Doc Jordan and Friends

Doc Jordan and Friends 08-29-2015_0357The lights were burning late at the Cape Girardeau County History Center in Jackson Saturday night. Doc Jordan and Friends were having an old-fashioned pickin’.

Harry Chapin done well

Doc Jordan and Friends 08-29-2015_0366Friends this evening with Doc – Steve Jordan – were Pastor Stan Hargess, Dr. Hugh Tewis, Terry Wright, Barney Hartline and Carla Jordan.

Doc and Wife Carla teamed up to sing Mr. Tanner in a way that would have made Harry Chapin proud.

A toe-tappin’ crowd

Doc Jordan and Friends 08-29-2015_0336Some combination of players show up monthly. The next pickin’ will be at the history center from 7 to 9 on Saturday, October 17. A handbill says to “bring your banjo, guitar, mandolin, dulcimer, bass, or just pull up a chair to sing along or listen.”

A couple who didn’t know about the event saw the lights, heard the music and were made to feel welcome.

Other pickin’ pix

Click on any photo to make it larger, then use the arrow keys to move through the gallery.

Jackson’s Silenced Sentinels

Hwy 61 stumps Jackson 05-23-2015_7097Almost every time I head out of Jackson from Wib’s BBQ headed toward Fruitland, I notice some big stumps on the south side of Hwy 61 near the Welcome to Jackson sign. And, every time I’ve muttered to myself, “One of these days I’m going to have to stop and shoot those things.”

The odds are pretty good you won’t see them on the way INTO Jackson like in this photo because they’re down the embankment.

Massive stumps

Hwy 61 stumps Jackson 05-23-2015_7115

I finally got around to stopping.

To give you an idea how big these trees were, I put a dollar bill in the photo for scale. A bill is six inches wide, so the top of the stump is three feet or more across. It has to be at least 10 feet around. (Click on the photo to make it larger.)

What have these trees seen?

Hwy 61 stumps Jackson 05-23-2015_7129Wikipedia reports that the first post office in Jackson was established in 1814 when the area was called Birdstown. Old McKendree Chapel, the log cabin that is the oldest Protestant church standing west of the Mississippi River, was built in 1819.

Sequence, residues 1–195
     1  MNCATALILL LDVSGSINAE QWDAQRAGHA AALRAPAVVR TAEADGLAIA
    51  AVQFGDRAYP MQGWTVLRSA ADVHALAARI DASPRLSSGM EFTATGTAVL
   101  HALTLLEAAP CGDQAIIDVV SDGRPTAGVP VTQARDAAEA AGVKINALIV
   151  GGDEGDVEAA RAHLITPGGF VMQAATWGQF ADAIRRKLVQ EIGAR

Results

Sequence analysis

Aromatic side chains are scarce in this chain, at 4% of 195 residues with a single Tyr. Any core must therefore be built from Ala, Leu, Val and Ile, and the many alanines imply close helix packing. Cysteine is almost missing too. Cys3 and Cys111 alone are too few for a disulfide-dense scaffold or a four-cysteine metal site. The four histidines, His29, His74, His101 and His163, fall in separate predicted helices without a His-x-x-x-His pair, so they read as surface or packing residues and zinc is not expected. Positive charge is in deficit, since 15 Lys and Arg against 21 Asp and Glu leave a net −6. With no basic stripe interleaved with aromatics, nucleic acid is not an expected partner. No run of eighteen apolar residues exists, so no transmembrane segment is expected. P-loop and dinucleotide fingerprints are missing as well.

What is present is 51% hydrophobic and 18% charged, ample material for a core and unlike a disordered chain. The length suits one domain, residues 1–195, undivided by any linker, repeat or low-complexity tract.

I didn’t even try to count the rings to see how old the trees are (that’s a math thing), but I wonder if they were standing that long ago? Anyone want to guess what kind of tree they were and how old they might be?

Ridge Road Microwave Tower

ATT microwave tower - Ridge Road - Jackson 08-09-2014Towers like this one on Ridge Road in Jackson used to dot the skyline. There was even one in downtown Cape next to the telephone company building on Broadway across from the Broadway Theater.

They were AT&T’s backbone for long distance communications. In the days before fiber optic cable, your phone calls would go from point to point by cable or by microwave.

Made to withstand nuclear blasts

ATT microwave tower - Ridge Road - Jackson 08-09-2014A fascinating website that touches on AT&T’s Long Lines said that the microwave installations were used for both civil and government communications. Most were built in the 1950s and 1960s during the height of the Cold War.

The buildings housing the electronics supporting the towers was hardened against a nuclear blast and in some cases were placed underground. The towers themselves were engineered to withstand all but a close (within five miles) blast.

Protected against fallout

ATT microwave tower - Ridge Road - Jackson 08-09-2014The microwave horns mounted on the towers were covered with a protective shield to keep out not only the elements, but radioactive fallout. The buildings were shielded with copper to protect the equipment inside against the electronic pulse generated by a nuclear explosion. Foot-thick concrete walls protected the vital electronics and people inside the base installations. Thick copper ground wires went deep into the bedrock.